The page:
Clearcut and thinning near Susanville, CA failed to halt the spread of the Dixie Fire. Photo George Wuerthner

I recently got a message from Oregon Senator Merkley announcing that he supported more thinning and logging of our forests to reduce large wildfires.

The irony is that logging/thinning is a primary source of Greenhouse Gas Emissions (GHG) that is contributing to climate warming which ultimately is driving large fires.  U.S. emissions from logging are up to 10 times that of wildfires and insects. For example, the wood products industry contributes to approximately 35% of the GHG emission in Oregon, more than the total contribution of the transportation sector.

Promoting logging under the guise that this will reduce large fires is counterproductive. Since climate warming is the primary driver of large wildfires (not fuels), adding to anything that increases drought, high temperatures, low humidity, and wind only contributes to more wildfires.

The nearly dried-up Wickiup Reservoir near Bend, Oregon reflects the regional drought promoting wildfires. Photo George Wuerthner

There is good paleo climatic studies showing a correlation between severe drought conditions and wildfire. Is it no surprise that the West is experiencing some of the worse drought conditions in centuries, and there are large fires occurring.

Furthermore, we have abundant evidence that thinning and other “fuel reductions” like prescribed burning fail under extreme fire weather conditions. And extreme fire weather conditions are the only situations that count since nearly all large blazes occur only under such climate/weather circumstances.

Thinning can also increase wind penetration and drying of fuel, thus actually enhance fire spread.

It doesn’t matter if thinning or prescribed burning might work under low or moderate fire conditions since fire occurring under these conditions typically self-extinguish or are quickly suppressed.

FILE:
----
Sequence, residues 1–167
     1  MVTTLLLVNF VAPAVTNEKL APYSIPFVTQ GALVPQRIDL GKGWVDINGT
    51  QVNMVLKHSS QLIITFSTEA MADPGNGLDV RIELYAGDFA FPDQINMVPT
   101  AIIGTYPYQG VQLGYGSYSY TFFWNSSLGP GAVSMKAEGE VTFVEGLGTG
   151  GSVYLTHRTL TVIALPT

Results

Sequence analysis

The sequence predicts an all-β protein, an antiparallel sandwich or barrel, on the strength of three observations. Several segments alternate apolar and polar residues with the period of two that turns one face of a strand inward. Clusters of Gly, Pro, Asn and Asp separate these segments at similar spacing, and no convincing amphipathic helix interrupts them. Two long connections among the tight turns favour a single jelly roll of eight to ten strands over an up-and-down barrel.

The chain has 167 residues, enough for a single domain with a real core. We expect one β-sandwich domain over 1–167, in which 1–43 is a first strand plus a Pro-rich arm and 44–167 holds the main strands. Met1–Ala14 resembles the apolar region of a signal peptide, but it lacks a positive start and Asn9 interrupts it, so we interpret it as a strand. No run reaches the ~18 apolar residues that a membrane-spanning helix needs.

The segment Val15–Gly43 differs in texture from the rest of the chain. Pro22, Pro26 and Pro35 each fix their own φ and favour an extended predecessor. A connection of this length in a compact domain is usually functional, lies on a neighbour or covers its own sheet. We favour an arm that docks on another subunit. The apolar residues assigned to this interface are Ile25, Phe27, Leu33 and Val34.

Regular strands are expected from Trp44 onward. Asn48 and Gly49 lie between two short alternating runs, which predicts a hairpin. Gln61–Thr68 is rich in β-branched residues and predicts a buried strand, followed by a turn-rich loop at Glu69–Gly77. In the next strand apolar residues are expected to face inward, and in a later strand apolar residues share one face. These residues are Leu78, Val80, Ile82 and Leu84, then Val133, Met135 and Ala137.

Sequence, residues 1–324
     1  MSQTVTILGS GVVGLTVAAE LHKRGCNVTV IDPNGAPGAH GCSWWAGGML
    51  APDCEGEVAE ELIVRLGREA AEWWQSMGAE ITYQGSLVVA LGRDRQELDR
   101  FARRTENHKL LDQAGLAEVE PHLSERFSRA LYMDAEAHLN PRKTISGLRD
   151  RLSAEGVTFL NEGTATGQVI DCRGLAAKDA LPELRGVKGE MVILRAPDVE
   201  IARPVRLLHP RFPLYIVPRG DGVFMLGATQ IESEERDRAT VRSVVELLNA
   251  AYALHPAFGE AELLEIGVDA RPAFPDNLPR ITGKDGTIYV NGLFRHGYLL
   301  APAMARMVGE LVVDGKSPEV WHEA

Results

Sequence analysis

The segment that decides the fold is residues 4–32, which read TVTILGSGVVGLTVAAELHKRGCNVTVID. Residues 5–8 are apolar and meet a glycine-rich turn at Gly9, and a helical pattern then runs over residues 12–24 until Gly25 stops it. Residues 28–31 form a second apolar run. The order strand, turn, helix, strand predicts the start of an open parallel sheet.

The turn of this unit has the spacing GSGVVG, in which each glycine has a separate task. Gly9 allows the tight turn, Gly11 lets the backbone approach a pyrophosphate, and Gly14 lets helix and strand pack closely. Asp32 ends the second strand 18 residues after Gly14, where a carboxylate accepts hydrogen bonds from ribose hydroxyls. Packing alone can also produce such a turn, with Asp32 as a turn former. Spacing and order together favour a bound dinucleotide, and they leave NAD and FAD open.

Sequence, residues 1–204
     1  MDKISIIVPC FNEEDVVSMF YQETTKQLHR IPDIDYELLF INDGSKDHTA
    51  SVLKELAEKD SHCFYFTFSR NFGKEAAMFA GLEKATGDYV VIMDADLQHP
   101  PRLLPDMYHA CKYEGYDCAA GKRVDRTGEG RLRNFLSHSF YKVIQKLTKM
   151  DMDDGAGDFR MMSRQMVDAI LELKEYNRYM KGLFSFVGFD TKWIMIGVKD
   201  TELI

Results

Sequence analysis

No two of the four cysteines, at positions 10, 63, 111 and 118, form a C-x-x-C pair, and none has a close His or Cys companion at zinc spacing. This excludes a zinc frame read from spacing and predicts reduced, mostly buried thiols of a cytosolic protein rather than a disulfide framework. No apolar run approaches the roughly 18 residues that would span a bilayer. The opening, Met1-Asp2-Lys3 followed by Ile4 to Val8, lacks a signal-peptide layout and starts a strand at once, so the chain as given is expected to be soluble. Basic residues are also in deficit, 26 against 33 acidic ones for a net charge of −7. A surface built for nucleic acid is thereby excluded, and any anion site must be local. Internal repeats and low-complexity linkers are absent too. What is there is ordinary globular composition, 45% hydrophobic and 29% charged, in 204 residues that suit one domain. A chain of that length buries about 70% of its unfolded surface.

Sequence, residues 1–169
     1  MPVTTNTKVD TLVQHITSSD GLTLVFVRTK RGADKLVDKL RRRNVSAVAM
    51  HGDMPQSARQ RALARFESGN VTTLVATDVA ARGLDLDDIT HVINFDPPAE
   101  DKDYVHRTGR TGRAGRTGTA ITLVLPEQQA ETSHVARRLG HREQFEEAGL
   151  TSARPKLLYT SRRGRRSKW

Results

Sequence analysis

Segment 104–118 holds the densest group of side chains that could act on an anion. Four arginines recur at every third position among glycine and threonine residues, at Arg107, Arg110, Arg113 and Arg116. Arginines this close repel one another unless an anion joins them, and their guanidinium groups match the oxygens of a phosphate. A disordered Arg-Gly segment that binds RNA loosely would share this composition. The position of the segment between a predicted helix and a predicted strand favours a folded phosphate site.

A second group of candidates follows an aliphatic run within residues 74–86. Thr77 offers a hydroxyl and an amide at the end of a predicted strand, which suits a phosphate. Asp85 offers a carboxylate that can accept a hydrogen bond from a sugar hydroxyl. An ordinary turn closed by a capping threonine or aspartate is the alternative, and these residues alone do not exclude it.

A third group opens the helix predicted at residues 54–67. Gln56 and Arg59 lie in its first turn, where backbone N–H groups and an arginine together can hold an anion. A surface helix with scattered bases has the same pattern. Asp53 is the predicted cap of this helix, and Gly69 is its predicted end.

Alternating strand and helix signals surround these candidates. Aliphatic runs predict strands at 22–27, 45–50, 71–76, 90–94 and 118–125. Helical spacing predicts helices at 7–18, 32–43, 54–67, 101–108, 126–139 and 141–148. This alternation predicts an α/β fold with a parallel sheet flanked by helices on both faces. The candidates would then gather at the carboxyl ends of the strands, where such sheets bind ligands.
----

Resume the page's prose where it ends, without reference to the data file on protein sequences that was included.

What burns in a forest fire are fine fuels like needles and small branches. The snags left behind store carbon as does the roots below ground and any charcoal that results from a fire. Photo George Wuerthner

Another factor ignored by proponents of thinning and other fuel reductions is that logging releases GHG emissions now. Still, even forests charred by high severity fires continue to store carbon in snags, roots, and charcoal buried in the soil. So logging the forest today contributes to greater CO2 emissions when we must reduce these emissions.

The red line marks the perimeter of the Milli Fire. The numerous light areas on the right side of the satellite photo are within the fire perimeter are clearcuts and thinned sites which obviously did not halt the spread of the fire. 

To justify more logging, Merkley cited the 2017 Milli Fire near Sisters, Oregon, as an example of how effective thinning was by asserting fuel treatments “saved” Sisters.  It is questionable if thinning treatments “saved” Sisters. An air photo of the fire perimeter shows that most of the area burned had been previously logged. In other words, it had already experienced significant “fuel reduction” to no effect on the spread of the Milli Fire. Furthermore, the Milli fire burned through two recent previous burns: the Black Crater and Pole Creek blazes—which area also essentially “fuel reductions.”

If fuel reductions are the key to stopping the advance of fires, why didn’t all these other previous fuel reductions “save” Sisters?

The progress of the Millie Fire. Sisters is in the upper right hand of the map.  The green areas indicate the path of the fire early in the event, while the brighter colors indicate the fire spread due to wind which pushed the blaze into the Three Sisters Wilderness. 

I can’t rule out fuel reductions as the proximate cause of the halt of the fire’s march towards Sisters. Still, another explanation that proponents of thinning never mention is how changing weather influenced the fire. When the fire advanced towards Sisters, the wind shifted directions blowing the blaze back westward on the previously burned areas and into lava fields in the Three Sisters Wilderness. The shift in wind direction is a more likely explanation for why Sisters was “saved.”

But even if thinning ultimately did “save” Sisters, a few exceptions do not invalidate the generalization that fuel reductions are ineffective under extreme fire weather conditions.  For instance, some 75% of the Bootleg Fire that burned across more than 400,000 acres in southern Oregon during the summer of 2021 had experienced previous logging/thinning/prescribed burning.

In the foreground is a clear-cut, is an extreme form of fuel reduction that did not preclude the blaze from charring trees in the background.  Dixie Fire, California. Photo George Wuerhner